Enhancing EverGreen.

Renewable Energy

It is estimated that the capacity of renewable energy systems, especially wind and solar, will grow more than tenfold over the next a couple of decades requiring investments of hundreds of billion euros. Substantial part of this onshore capacity is being and will be established on forestland. Forestland forms a land infrastructure for the renewable energy systems with a scope for remarkable additional forest-based revenue. Also forest residues play a significant role in future energy solutions.

Dasos forestlands provide a unique infrastructure for “bio-wind” and “bio-solar” with compensation for forest and biodiversity loss due to renewable energy related power lines and construction.

The European Union targets wind energy to be 50% of its electricity production by 2050. This requires expanding onshore wind from 173 GW today to 1,000 GW. This increase requires several million hectares of land areas.

In 2021, Europe installed 17 GW of new wind capacity of which 81% was onshore wind. Substantial part of the onshore investment is taking place on forestland.


Solar power is another rapidly growing renewable energy source, requiring land as a platform. The EU’s installed solar power generation capacity is around 165 GW, and it is expected to grow strongly in the coming years.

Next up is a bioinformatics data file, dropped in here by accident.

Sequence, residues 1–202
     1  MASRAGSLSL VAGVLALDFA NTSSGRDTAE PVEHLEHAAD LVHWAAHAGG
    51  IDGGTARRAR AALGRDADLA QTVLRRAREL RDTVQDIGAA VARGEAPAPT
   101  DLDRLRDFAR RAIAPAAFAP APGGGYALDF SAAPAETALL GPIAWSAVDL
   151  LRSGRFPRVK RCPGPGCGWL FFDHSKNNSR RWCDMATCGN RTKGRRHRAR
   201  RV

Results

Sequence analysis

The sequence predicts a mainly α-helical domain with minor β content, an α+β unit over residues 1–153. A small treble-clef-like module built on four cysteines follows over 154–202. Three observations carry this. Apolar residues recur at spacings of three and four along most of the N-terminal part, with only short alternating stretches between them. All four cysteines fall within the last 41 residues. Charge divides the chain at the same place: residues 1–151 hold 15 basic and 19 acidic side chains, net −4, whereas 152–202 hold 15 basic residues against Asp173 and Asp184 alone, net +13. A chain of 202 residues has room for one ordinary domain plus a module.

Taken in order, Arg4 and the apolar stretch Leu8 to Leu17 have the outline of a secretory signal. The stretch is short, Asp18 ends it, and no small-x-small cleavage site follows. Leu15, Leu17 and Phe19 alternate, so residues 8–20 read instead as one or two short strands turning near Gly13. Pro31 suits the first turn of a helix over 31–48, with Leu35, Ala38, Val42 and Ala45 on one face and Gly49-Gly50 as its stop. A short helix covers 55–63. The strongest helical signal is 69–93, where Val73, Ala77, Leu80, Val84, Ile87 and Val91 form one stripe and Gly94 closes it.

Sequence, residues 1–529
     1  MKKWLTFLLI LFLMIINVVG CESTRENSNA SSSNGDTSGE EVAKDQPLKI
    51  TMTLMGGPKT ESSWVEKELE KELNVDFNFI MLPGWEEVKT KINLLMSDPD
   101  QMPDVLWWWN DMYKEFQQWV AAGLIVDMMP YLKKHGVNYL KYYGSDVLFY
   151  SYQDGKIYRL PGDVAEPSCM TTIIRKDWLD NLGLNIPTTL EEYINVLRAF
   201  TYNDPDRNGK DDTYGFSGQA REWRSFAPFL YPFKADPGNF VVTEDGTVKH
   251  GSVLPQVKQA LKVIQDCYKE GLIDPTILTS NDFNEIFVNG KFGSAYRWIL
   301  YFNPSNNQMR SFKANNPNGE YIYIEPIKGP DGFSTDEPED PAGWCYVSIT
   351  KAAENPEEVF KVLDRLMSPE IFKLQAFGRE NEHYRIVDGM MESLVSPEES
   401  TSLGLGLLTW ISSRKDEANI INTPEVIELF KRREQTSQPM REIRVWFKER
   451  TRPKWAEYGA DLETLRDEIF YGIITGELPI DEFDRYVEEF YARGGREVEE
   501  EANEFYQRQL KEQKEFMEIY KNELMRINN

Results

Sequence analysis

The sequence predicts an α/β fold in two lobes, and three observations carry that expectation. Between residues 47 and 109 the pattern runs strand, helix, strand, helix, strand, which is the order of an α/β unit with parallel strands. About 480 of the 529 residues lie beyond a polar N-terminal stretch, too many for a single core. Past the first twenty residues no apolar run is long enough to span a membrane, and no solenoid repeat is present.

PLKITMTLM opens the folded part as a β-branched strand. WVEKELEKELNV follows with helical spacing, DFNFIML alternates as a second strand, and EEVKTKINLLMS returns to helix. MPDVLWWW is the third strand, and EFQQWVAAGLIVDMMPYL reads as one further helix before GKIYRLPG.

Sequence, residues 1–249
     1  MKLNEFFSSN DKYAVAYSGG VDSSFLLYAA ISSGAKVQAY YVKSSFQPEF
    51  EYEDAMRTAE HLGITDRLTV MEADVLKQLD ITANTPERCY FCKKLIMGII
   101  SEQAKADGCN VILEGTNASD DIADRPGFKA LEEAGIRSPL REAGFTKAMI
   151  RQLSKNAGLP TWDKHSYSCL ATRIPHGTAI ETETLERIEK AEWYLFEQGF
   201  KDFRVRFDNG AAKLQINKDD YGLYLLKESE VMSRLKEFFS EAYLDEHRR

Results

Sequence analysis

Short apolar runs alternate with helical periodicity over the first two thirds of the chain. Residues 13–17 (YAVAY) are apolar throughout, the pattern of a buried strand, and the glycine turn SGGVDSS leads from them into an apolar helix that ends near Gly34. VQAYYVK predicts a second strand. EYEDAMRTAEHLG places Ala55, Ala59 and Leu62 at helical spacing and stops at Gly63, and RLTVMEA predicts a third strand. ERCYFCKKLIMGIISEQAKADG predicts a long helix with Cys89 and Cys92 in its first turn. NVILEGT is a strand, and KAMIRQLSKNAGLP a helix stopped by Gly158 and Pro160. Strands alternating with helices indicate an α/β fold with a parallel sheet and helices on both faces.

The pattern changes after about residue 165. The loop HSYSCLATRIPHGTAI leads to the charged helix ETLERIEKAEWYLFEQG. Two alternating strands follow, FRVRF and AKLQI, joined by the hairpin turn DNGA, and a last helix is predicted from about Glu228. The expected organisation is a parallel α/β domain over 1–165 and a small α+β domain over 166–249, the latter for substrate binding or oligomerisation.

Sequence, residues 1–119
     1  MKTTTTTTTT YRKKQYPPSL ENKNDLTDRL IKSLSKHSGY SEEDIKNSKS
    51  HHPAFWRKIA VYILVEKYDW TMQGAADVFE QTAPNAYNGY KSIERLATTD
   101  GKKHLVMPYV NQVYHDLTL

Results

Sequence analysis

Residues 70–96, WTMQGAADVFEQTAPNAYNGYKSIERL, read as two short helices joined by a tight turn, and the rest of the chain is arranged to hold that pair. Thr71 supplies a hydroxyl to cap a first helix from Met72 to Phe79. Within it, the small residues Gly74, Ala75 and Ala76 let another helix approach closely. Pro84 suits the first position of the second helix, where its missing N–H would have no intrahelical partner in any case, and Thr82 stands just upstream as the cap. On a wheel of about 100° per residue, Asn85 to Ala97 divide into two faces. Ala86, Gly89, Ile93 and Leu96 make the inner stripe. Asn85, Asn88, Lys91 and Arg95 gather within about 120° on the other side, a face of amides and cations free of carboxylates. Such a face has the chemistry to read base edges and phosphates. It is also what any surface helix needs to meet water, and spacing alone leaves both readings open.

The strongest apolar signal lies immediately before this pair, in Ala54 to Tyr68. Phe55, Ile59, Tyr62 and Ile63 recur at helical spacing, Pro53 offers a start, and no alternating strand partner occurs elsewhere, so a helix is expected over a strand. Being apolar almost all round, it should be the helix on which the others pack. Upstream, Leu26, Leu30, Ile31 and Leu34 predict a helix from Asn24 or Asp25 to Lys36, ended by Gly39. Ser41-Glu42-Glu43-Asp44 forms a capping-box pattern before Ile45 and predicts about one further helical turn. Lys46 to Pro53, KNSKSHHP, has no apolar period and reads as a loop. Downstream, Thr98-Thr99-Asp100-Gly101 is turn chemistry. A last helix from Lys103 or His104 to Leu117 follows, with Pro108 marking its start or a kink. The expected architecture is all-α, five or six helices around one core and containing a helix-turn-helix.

The transition to net-zero emissions by 2050 is expected significantly to increase the demand for forest residues in energy use. In addition, the use of woody biomass in high-value materials and chemicals is also forecast to increase in near future.

In summary, the expansion of wind and solar energy capacity requires large land areas and offers significant additional value creation opportunities to large-scale (forest) land owners in Europe.

Forestland does not only provide an essential land infrastructure for renewable energy investment but Dasos will also enhance investment in afforestation and biodiversity as required to maintain an intact natural capital in the context of bio-wind and bio-solar. 

Further information

Wind mills: www.neoen.com
Solar power: www.neoen.com
Residues: www.shutterstock.com